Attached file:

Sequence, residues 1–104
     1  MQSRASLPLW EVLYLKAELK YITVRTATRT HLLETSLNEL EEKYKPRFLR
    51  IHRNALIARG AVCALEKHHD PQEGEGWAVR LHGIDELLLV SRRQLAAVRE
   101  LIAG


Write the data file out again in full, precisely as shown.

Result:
Sequence, residues 1–104
     1  MQSRASLPLW EVLYLKAELK YITVRTATRT HLLETSLNEL EEKYKPRFLR
    51  IHRNALIARG AVCALEKHHD PQEGEGWAVR LHGIDELLLV SRRQLAAVRE
   101  LIAG